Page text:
Awardee: Ryan J. Sibert (University of Georgia)
Advisor: Samantha B. Joye (University of Georgia)
Amount: $59,062.00
Award Dates: August 10, 2013 — August 9, 2015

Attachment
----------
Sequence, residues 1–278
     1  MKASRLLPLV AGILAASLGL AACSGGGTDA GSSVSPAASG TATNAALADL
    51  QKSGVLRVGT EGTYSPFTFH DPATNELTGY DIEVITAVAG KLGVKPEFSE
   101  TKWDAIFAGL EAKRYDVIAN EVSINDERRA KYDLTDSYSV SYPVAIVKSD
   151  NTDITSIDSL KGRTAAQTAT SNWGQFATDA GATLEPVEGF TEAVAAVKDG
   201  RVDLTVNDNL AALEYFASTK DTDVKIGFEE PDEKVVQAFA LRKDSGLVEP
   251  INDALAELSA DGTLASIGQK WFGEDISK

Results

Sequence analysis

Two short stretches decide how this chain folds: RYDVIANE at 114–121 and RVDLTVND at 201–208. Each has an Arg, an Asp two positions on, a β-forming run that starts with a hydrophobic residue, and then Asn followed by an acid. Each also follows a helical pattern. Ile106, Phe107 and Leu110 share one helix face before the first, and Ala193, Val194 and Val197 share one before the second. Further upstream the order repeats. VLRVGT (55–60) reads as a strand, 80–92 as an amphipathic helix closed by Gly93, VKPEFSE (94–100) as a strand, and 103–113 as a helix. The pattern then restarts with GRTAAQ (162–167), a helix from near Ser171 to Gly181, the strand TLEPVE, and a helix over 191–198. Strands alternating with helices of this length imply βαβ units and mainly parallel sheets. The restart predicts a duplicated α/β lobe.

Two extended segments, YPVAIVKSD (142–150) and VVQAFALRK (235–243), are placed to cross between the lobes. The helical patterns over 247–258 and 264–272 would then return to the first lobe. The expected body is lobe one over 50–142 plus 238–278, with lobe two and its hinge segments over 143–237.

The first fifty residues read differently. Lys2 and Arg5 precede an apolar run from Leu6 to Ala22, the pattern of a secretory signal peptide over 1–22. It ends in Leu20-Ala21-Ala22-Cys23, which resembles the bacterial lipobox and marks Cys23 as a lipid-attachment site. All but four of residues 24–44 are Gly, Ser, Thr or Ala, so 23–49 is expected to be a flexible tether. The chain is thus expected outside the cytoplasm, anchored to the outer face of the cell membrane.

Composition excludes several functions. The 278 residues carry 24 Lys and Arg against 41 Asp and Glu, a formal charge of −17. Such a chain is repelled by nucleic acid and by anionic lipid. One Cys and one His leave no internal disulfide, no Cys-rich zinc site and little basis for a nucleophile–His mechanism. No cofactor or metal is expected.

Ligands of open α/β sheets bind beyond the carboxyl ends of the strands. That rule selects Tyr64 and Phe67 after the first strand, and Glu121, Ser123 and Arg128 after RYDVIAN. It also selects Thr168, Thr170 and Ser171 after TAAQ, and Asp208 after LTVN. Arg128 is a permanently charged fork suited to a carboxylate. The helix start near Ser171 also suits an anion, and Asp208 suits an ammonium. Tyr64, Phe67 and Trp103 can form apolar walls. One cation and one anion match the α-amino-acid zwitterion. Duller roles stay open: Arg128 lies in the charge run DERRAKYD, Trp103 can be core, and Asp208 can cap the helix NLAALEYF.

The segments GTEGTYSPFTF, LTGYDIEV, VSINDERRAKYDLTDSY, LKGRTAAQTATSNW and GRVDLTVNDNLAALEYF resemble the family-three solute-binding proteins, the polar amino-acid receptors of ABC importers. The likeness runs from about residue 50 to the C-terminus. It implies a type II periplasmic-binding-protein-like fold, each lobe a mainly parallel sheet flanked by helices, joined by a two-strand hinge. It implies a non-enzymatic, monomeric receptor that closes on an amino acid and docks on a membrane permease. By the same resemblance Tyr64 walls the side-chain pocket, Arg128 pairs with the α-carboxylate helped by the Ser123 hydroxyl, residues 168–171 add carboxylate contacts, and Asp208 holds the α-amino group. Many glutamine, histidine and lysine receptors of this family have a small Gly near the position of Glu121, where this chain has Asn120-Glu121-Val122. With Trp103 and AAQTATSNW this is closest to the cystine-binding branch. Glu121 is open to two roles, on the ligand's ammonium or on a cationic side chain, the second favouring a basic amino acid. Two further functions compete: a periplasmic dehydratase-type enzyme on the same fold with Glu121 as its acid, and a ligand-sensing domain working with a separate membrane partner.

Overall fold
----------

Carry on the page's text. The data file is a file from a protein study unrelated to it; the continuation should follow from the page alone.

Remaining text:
Light hydrocarbon gas mixtures are commonly found in organic-rich marine sediments. Methane (C1) is typically the dominant constituent in these mixtures, but ethane (C2) and propane (C3) are nearly always present in trace amounts. C1 dynamics are typically associated with either thermal cracking of deeply buried organic matter or the metabolic end-product of organic matter degradation. Ethane and propane production had typically been associated with thermocatalytic processes in deeply buried sediments, but limited studies suggested C2/C3 production in biogenic C1 gas mixtures was likely attributable to the activity of methanogenic archaea. However, very few of these studies looked at C1/C2 production in deep-sea sediments, and quantification of rates had either not been attempted, or were absent from the literature. We attempted to use organic-rich, cold seep sediments from the Green Canyon area of the Gulf of Mexico (GC600) to determine C2/C3 dynamics in the first ten meters of sediment (i.e. 0 – 10 m). We found C2/C3 production in near surface cold-seep sediments to be indistinguishable from the background degassing signatures of clay minerals. Surface sediments (i.e. < 4 m) are hypothesized to be dominated by communities of organisms that oxidize C2/C3 compounds, rather than communities that produce them. Experiments determining the controls and magnitude of C2/C3 oxidation in surface sediments in cold-seep environments are ongoing. We hypothesized that C2/C3 production likely occurs deeper in the sediment column (i.e. > 4 m), based primarily on ethane and propane profiles of similar environments. Such material proved difficult to acquire; efforts are ongoing to obtain deep piston cores (i.e. >10 m) for environmental profiling and experimental manipulation in the deeper sediment layers where C2/C3 production likely occurs.